After a witness other than the defendant has testified on direct examination, the court, on motion of a party who did not call the witness, shall order the attorney for the state or the defendant and defendant's attorney, as the case may be, to produce, for the examination and use of the moving party, any statement of the witness that is in their possession and that relates to the subject matter concerning which the witness has testified.
Meanwhile, Texas Rule of Evidence 615(f) indicates that
As used in this rule, a "statement" of a witness means:
(1) a written statement made by the witness that is signed or otherwise adopted or approved by the witness;
(2) a substantially verbatim recital of an oral statement made by the witness that is recorded contemporaneously with the making of the oral statement and that is contained in a stenographic, mechanical, electrical, or other recording or a transcription thereof; or
(3) a statement, however taken or recorded, or a transcription thereof, made by the witness to a grand jury.
So, let's say that the government has notes from its interview with a witness for the prosecution. Do these notes constitute a "statement" of a witness that has to disclose upon a defense motion? According to the recent opinion of the Court of Appeals of Texas, San Antonio, in Wilkerson v. State, 2012 WL 1940650 (Tex.App.-San Antonio 2012), the answer is "no."In Wilkerson,
Darrell Wilkerson was divorcing his wife Tara, but they continued living together. During an argument, Tara threw a phone at Darrell which hit him in the back. Darrell walked to David Herrera's home nearby, and Herrera saw Tara repeatedly strike Darrell. Officer Michelle Lewis responded to Darrell's 911 call. She interviewed Darrell and Herrera, saw a mark under Darrell's right eye and redness on his shoulder. Officer Lewis found Tara in her home, observed her condition, asked her about Darrell's allegations, and arrested her.
After Tara was convicted of misdemeanor assault, she appealed, claiming, inter alia, that the trial court erred by failing to required the prosecution to disclose its notes from interviews with Darrell in response to a motion by defense counsel. According to Tara, "the prosecutor's notes [we]re actually Darrell's witness statements under Rule 615(f)(2)."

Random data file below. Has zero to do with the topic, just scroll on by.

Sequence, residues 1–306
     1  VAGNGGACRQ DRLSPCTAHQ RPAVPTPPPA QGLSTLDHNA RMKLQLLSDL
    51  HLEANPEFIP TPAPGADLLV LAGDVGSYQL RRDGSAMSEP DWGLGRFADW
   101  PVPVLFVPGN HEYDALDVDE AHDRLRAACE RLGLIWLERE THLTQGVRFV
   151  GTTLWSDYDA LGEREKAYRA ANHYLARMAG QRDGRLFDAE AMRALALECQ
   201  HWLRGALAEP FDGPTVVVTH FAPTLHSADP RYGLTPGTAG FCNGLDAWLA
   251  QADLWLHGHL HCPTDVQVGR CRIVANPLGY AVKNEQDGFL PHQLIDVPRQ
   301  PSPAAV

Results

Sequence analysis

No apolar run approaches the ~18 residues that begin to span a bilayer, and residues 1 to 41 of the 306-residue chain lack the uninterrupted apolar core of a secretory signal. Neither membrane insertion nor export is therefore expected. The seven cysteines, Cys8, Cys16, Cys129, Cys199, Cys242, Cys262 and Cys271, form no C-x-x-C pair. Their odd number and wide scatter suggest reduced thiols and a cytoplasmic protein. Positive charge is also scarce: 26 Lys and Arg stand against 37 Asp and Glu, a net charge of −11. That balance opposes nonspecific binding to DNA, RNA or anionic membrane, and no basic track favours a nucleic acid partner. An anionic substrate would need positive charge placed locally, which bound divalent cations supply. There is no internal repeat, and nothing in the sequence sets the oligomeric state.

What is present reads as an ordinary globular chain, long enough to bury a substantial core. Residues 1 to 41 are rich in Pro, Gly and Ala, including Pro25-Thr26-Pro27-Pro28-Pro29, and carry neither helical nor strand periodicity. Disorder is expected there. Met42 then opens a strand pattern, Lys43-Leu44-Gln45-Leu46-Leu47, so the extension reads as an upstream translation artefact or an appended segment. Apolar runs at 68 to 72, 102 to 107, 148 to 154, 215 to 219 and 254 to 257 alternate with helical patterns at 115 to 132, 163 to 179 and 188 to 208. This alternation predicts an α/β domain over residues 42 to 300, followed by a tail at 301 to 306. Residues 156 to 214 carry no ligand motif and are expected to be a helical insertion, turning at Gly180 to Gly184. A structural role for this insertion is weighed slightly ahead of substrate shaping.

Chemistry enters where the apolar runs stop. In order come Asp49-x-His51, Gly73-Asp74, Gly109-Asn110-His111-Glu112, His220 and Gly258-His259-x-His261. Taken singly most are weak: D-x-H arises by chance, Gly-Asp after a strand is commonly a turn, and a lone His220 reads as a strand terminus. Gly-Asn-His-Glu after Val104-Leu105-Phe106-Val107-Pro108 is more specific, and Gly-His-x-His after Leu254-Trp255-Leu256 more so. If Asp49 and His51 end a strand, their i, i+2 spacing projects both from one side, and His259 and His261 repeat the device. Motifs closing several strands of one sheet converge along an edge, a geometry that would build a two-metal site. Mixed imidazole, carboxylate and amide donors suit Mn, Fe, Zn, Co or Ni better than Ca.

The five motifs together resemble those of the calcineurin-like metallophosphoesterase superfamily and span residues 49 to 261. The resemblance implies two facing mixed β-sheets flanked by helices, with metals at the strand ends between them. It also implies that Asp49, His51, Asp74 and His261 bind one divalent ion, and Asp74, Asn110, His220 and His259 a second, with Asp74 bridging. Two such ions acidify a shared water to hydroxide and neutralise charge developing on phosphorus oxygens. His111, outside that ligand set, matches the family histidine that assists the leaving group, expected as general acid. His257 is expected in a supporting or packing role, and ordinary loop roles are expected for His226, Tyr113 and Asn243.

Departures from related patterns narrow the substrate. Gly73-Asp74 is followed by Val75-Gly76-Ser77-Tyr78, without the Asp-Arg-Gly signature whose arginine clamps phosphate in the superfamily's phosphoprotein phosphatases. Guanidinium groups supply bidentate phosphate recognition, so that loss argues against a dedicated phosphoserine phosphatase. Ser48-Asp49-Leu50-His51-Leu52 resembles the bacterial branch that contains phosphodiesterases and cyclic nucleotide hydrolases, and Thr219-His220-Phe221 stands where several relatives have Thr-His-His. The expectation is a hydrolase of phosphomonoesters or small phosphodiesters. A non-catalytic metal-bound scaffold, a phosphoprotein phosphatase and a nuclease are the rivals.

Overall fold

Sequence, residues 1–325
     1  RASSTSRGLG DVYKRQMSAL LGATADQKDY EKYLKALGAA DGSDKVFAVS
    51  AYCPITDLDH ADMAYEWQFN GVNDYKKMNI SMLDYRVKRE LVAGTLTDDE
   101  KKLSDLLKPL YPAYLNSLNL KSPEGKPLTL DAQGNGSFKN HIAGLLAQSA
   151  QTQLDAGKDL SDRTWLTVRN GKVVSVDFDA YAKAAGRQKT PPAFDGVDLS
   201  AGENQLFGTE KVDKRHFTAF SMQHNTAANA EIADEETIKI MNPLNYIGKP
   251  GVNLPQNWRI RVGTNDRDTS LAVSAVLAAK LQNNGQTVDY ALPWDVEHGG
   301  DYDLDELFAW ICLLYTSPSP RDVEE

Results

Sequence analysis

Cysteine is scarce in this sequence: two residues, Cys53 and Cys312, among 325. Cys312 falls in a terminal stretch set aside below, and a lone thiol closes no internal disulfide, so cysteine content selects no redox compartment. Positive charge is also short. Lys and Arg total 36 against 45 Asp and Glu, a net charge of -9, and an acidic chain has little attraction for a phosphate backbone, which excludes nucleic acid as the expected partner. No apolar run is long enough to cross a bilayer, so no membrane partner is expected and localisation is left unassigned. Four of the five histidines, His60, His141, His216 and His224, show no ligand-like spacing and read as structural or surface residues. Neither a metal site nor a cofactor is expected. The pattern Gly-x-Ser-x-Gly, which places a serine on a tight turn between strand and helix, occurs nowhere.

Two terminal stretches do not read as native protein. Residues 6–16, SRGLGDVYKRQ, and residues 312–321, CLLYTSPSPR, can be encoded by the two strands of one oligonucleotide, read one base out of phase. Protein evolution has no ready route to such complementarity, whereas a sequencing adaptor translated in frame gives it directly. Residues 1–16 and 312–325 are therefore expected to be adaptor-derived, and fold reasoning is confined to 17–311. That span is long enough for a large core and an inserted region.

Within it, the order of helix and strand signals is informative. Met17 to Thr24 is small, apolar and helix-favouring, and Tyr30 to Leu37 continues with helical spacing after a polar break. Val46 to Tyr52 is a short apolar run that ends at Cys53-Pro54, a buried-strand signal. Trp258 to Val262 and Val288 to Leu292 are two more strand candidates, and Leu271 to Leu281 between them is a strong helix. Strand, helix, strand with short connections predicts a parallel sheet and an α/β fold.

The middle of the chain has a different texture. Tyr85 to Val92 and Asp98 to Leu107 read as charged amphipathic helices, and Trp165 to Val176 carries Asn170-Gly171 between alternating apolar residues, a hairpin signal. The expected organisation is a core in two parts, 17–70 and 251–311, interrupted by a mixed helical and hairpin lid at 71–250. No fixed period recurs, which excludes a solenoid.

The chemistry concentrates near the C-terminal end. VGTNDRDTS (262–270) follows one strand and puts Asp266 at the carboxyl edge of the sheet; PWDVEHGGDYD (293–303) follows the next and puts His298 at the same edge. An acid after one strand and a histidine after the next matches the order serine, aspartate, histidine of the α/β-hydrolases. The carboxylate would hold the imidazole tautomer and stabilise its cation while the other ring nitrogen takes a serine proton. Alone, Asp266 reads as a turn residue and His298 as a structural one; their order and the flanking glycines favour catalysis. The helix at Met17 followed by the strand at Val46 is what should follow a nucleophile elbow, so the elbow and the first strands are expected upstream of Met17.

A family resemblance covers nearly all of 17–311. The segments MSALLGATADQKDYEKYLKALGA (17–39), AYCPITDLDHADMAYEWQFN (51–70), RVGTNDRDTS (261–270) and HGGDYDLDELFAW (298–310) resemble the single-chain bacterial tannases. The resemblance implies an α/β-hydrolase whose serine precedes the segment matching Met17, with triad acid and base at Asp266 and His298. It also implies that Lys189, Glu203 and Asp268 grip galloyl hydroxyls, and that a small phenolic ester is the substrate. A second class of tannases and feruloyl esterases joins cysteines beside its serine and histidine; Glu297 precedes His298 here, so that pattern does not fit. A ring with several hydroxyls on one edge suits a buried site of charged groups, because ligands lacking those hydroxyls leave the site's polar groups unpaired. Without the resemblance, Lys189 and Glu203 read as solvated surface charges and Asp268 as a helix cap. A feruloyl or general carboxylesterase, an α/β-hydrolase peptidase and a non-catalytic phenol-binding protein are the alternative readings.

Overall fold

In response, the government contended "that the prosecutor's notes were merely the State's 'summary of the complainant's expected testimony' and...d[id] not meet the definition of statements under the rule." Moreover, it claimed that its argument was bolstered by the fact that "Darrell never signed, adopted, or approved the prosecutor's notes."
The court found that "the record support[ed] the State's assertion" and thus that "the trial court did not abuse its discretion by overruling Tara's Rule 615 motion."
June 4, 2012
Q: What Does Nitroglycerin Mean? A: Not Guilty; 3rd Circuit Fails To Decide Whether Text Message Was Recorded Recollection
Federal Rule of Evidence 803(5) provides an exception to the rule against hearsay for
A record that:
(A) is on a matter the witness once knew about but now cannot recall well enough to testify fully and accurately;
(B) was made or adopted by the witness when the matter was fresh in the witness’s memory; and
(C) accurately reflects the witness’s knowledge.
If admitted, the record may be read into evidence but may be received as an exhibit only if offered by an adverse party.
And while the Third Circuit didn't reach the issue in United States v. Blackett, 2012 WL 1925540 (3rd Cir. 2012), it seems pretty clear that a text message can easily qualify as a recorded recollection under Rule 803(5).In Blackett, Ikim Blackett was charged with bribing a juror. Specifically,
The evidence at trial showed that on May 24, 2010, Jeanette Smith...was selected to serve as a juror in the criminal trial of Unites States v. Fagan, et. al, Case No. 2006-80, which commenced that day in the District Court of the Virgin Islands....Smith testified that after court concluded the first day, Blackett came to her home some time between the hours of 8:00 p.m. and 10:00 p.m....Smith stated that she had known Blackett for approximately six or seven years....Smith testified that following a general introduction on her front porch, Blackett engaged her in conversation and mentioned "nitroglycerin"....Smith asked Blackett what "nitroglycerin" meant and he responded "not guilty"....Blackett refused to tell her who should receive the "not guilty" vote or who sent him to make the offer....Blackett offered her $1500 vote "not guilty"....Smith told Blackett that she would think about his offer because she wanted him to leave her home....Smith went back inside her home, and a few minutes later Blackett returned....When Blackett returned, he asked Smith for her cell phone number and whether she needed more than $1500....Smith refused to give Blackett her telephone number and declined his offer for more money.